"Whoever fights monsters should see to it that in the process he does not become a monster."
Walter Wink uses this quote in The Powers That Be to emphasize the importance of doing our own spiritual work before engaging in non-violent action. He argues that we must learn to battle evil without evil making us over into its likeness. It does no good for us to try to oppose violence and injustice if we are not acting out in ways of peace and justice. Our medium must match our message. No wonder Jesus constantly cautions us to not return evil for evil, because in our tit-for-tat world of redemptive violence and revenge, it is incredibly difficult to stand up against the evils of our world without succumbing to their temptations.
Another idea that must be explored in this conversation is that in the midst of battle, it is easy to lose track of who is the enemy. We, in the church, can so easily get sidetracked in our battle with evil, picking fights with our own team members. Instead of working together toward a more healthy, peaceful world, we get distracted by denominational differences in theology and practice, and we fail to actually be good news to the world. I need to learn how to recognize my enemies, the systemic ways that evil pervades the world. The Apostle Paul is clear that we have enemies, the powers and principalities of this world, but I pray I will learn to know the difference between my brothers and sisters, my allies in the fight, and that which opposes the good news of God going forth in the world.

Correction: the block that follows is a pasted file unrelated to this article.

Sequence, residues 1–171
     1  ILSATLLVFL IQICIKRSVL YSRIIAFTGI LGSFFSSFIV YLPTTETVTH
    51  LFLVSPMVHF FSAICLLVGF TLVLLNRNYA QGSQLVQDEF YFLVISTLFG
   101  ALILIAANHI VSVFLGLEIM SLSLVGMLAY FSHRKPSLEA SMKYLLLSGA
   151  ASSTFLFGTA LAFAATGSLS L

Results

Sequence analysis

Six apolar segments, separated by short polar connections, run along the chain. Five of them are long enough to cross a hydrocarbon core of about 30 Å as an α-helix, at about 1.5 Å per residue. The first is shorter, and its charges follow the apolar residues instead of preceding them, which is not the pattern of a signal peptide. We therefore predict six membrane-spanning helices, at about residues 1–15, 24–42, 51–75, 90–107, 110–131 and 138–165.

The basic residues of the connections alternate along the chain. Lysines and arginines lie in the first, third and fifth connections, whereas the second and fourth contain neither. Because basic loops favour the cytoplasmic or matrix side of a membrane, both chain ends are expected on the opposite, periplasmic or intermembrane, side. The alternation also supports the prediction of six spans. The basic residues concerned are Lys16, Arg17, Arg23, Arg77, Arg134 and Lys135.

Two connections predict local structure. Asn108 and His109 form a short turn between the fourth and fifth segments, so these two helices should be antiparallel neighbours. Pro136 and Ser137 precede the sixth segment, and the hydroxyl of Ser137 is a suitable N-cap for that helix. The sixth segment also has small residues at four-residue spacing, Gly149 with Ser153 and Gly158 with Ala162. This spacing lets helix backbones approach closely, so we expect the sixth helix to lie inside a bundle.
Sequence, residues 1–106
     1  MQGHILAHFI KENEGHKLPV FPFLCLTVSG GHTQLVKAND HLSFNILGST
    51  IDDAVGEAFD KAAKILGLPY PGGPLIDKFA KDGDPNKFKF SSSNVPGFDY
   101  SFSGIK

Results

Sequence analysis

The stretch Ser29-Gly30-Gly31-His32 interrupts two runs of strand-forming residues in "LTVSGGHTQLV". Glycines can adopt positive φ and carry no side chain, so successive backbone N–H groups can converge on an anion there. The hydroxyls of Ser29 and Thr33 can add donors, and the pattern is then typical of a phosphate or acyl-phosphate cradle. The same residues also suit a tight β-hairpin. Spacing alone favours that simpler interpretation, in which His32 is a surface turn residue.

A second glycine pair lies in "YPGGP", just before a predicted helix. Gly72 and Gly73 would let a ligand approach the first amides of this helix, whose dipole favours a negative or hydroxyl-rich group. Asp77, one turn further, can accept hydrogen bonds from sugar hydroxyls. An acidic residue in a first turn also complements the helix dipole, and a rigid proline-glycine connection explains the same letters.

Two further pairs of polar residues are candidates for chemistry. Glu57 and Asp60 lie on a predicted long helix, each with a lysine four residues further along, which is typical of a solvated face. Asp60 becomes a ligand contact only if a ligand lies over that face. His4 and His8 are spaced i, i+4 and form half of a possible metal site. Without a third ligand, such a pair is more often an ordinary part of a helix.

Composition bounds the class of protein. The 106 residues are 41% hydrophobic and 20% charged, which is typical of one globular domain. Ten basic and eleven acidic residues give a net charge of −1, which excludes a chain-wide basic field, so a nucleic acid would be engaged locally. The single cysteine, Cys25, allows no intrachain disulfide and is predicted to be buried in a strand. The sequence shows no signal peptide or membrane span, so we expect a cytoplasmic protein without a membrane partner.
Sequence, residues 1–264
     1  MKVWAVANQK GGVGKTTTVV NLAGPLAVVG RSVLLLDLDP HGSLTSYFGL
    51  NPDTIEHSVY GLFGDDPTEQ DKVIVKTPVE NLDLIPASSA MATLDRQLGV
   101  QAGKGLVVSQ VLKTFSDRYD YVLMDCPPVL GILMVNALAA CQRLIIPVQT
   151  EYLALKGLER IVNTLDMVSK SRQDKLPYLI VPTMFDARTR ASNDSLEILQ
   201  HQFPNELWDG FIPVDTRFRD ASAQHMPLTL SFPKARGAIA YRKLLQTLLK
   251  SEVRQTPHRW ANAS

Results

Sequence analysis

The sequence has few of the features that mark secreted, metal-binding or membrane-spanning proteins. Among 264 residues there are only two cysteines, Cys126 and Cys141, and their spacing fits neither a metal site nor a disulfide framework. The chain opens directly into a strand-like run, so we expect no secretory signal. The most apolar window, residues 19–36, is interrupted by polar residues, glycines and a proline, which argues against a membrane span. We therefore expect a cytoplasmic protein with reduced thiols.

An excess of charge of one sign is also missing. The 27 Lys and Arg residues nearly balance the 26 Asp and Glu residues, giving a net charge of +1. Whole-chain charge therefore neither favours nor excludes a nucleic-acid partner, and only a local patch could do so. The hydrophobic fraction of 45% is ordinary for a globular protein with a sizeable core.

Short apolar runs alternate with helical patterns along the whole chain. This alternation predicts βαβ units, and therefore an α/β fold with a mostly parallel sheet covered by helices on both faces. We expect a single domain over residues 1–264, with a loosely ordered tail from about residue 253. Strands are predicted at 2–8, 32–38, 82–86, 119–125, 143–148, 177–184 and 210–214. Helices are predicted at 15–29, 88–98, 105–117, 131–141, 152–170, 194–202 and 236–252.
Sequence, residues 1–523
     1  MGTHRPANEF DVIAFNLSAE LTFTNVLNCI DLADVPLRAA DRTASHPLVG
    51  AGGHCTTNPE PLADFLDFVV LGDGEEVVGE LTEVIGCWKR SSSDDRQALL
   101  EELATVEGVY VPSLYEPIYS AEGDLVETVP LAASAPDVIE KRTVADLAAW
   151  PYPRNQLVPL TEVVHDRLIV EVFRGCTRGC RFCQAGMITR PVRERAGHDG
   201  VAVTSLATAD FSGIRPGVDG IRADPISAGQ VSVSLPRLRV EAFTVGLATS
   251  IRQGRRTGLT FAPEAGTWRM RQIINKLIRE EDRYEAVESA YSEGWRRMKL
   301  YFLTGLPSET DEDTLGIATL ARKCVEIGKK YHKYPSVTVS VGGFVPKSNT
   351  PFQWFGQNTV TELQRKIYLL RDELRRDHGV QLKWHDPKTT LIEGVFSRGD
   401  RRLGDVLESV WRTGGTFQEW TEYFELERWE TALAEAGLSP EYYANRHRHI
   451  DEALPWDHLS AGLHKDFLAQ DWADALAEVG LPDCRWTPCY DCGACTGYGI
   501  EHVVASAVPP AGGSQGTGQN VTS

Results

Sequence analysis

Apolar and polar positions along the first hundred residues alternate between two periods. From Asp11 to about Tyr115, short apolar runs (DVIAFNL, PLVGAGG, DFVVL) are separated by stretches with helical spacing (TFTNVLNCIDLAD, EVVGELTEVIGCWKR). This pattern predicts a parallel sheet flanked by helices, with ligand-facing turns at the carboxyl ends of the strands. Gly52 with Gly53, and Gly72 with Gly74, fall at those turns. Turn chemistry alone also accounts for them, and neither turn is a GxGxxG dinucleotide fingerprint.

"You always become the thing you fight the most."